3. A senior executive makes a habit of cancelling media interview appointments at the last minute. Sometimes it takes weeks, even months, to arrange an interview. We know that busy executives sometimes can’t help cancelling, but it’s the responsibility of our client contact person to explain the importance of the interview and make sure that a cancellation really can’t be avoided.
  4.  Company executives – even the client contact – react slowly to agency messages about journalists’ needs for information or access. If the company doesn’t meet a journalist’s deadline, either the company will be left out of media coverage that could have beneficial, or the journalist will write about the company without hearing its point-of-view and input.
  5. The client wants the agency to work for free. This is never stated directly in this way, but that’s what it means when the scope of a project that is underway is increased, but the agency is expected to stick to its original cost estimate.
  6.  The client doesn’t ask for the agency’s input, but simply gives orders to carry out plans made internally. The client squanders a valuable resource by not making use of the skills and experience of the agency team.  We can’t do our best for a client that doesn’t include us in the decision-making process.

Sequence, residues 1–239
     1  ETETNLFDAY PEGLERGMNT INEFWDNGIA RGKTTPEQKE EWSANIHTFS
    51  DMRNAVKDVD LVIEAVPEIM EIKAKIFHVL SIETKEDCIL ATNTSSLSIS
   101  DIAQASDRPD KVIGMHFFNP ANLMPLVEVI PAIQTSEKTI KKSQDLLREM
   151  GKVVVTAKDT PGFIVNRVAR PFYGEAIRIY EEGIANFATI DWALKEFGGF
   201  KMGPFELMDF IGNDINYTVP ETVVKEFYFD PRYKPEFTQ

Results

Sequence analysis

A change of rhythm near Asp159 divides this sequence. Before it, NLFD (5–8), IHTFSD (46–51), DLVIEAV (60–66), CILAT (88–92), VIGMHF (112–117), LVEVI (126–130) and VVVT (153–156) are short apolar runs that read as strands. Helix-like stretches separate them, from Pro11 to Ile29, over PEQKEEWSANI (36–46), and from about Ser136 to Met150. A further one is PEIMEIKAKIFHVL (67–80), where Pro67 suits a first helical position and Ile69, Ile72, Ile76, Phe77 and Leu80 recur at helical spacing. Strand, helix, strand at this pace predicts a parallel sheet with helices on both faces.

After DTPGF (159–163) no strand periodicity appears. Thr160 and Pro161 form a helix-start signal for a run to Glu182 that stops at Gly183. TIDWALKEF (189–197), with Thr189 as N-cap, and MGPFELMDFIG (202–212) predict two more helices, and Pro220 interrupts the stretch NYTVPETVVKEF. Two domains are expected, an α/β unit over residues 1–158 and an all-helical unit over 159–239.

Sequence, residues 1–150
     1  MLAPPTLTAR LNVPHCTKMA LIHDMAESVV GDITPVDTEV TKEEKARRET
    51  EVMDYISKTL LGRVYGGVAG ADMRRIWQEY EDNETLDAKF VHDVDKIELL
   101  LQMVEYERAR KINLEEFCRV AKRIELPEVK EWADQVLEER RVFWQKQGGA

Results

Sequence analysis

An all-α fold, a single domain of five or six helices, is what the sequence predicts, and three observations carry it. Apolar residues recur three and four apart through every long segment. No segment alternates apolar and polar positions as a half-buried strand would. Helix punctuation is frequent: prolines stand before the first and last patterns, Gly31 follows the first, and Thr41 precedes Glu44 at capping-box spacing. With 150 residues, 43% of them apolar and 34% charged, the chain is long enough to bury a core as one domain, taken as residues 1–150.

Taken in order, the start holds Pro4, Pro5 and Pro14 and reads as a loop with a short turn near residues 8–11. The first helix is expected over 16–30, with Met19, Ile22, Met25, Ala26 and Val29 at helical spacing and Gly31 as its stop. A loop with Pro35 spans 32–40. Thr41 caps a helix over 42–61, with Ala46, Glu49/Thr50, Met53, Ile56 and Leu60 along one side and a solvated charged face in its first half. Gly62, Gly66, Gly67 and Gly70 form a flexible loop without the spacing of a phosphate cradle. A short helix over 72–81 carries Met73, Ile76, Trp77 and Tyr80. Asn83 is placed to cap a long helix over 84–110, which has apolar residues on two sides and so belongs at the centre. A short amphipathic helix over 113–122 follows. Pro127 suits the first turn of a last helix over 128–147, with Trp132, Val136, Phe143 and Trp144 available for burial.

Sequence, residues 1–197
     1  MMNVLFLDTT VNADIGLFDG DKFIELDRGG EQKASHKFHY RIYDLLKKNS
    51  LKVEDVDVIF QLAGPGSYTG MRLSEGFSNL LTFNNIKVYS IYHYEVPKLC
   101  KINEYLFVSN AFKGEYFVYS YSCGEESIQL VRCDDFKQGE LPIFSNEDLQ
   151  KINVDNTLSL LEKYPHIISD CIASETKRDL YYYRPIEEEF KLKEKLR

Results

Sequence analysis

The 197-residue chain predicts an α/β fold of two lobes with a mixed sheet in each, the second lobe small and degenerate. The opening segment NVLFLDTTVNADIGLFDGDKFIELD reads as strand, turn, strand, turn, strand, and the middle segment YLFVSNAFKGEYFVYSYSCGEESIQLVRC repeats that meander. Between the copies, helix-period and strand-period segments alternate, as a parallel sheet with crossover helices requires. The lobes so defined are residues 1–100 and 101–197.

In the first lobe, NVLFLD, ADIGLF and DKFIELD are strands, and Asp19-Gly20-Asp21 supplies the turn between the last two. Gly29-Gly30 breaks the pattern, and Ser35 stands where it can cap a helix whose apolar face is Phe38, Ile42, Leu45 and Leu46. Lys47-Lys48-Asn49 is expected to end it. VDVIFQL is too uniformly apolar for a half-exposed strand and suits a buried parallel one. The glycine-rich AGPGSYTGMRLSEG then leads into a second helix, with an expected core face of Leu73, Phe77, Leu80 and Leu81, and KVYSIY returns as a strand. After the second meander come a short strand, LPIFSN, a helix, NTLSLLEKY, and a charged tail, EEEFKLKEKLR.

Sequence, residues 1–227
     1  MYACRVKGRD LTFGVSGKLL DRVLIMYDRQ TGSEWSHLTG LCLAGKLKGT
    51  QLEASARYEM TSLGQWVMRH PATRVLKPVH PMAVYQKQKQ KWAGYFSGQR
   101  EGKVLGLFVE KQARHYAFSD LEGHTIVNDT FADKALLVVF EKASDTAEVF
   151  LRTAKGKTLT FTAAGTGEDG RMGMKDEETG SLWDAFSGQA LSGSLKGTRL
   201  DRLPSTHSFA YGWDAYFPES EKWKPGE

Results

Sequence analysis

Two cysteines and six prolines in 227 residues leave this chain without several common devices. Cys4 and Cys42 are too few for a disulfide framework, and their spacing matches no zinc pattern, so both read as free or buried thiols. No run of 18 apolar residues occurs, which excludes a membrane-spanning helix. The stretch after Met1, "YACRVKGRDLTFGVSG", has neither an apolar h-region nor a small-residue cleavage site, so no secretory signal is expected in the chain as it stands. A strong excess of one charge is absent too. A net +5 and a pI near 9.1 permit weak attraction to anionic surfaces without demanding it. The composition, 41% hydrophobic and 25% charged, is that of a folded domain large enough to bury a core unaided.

One of the advantages of being the owner of a PR agency is that you can decide which clients you want to work for and walk away from the impossible ones. At Bridge, we are very fortunate to have considerate, thoughtful clients. But it’s my job as head of the company to sniff out the prospective clients that would indeed drive us crazy, and walk away from them. 

It’s only fair to show the other side of the story. My next post will list six ways PR agencies put client relationships at risk.

Lucy Siegel

5 Key Facts about PR in the U.S.

August 5, 2010

…that business people from overseas often don’t know

A visitor from Europe came to discuss U.S. PR with us for his company recently.  He thought he knew just what needed to be done and how it should be done, and he had already allocated a budget for the work. Our conversation shook him up a bit and sent him back to the drawing board. What he discovered is that the American market was different from his own in many respects when it comes to communications and that many of his assumptions were wrong. Here are five of the important differences we pointed out:

1.   Size matters